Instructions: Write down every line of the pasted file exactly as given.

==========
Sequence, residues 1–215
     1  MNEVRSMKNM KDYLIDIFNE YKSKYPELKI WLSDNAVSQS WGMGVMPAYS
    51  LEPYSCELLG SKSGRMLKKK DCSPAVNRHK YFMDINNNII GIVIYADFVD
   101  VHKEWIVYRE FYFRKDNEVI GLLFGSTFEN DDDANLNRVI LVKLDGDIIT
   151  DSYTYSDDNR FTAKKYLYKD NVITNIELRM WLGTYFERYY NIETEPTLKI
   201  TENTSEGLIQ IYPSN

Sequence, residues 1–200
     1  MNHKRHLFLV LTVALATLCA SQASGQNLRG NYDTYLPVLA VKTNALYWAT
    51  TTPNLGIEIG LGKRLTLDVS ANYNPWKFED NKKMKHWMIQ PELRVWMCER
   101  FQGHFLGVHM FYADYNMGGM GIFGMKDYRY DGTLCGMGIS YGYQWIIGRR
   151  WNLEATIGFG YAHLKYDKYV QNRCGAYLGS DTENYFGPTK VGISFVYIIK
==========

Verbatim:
Sequence, residues 1–215
     1  MNEVRSMKNM KDYLIDIFNE YKSKYPELKI WLSDNAVSQS WGMGVMPAYS
    51  LEPYSCELLG SKSGRMLKKK DCSPAVNRHK YFMDINNNII GIVIYADFVD
   101  VHKEWIVYRE FYFRKDNEVI GLLFGSTFEN DDDANLNRVI LVKLDGDIIT
   151  DSYTYSDDNR FTAKKYLYKD NVITNIELRM WLGTYFERYY NIETEPTLKI
   201  TENTSEGLIQ IYPSN

Sequence, residues 1–200
     1  MNHKRHLFLV LTVALATLCA SQASGQNLRG NYDTYLPVLA VKTNALYWAT
    51  TTPNLGIEIG LGKRLTLDVS ANYNPWKFED NKKMKHWMIQ PELRVWMCER
   101  FQGHFLGVHM FYADYNMGGM GIFGMKDYRY DGTLCGMGIS YGYQWIIGRR
   151  WNLEATIGFG YAHLKYDKYV QNRCGAYLGS DTENYFGPTK VGISFVYIIK